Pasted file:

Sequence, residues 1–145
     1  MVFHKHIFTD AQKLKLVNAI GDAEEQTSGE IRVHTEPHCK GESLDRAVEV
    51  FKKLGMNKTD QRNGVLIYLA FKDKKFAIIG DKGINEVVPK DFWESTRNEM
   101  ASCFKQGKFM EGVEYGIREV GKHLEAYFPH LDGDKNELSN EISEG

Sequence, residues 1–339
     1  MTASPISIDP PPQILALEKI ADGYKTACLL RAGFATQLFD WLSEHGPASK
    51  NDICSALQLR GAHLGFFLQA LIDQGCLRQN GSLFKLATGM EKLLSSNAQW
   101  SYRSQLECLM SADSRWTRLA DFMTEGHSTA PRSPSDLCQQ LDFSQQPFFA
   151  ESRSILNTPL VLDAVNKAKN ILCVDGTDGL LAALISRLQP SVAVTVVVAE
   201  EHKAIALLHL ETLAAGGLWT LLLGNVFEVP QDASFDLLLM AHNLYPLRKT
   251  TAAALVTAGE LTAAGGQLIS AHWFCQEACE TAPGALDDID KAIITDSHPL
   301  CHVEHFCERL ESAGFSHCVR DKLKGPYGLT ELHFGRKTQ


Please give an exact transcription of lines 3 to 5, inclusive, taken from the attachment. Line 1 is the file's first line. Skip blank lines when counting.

    51  FKKLGMNKTD QRNGVLIYLA FKDKKFAIIG DKGINEVVPK DFWESTRNEM
   101  ASCFKQGKFM EGVEYGIREV GKHLEAYFPH LDGDKNELSN EISEG

Sequence, residues 1–339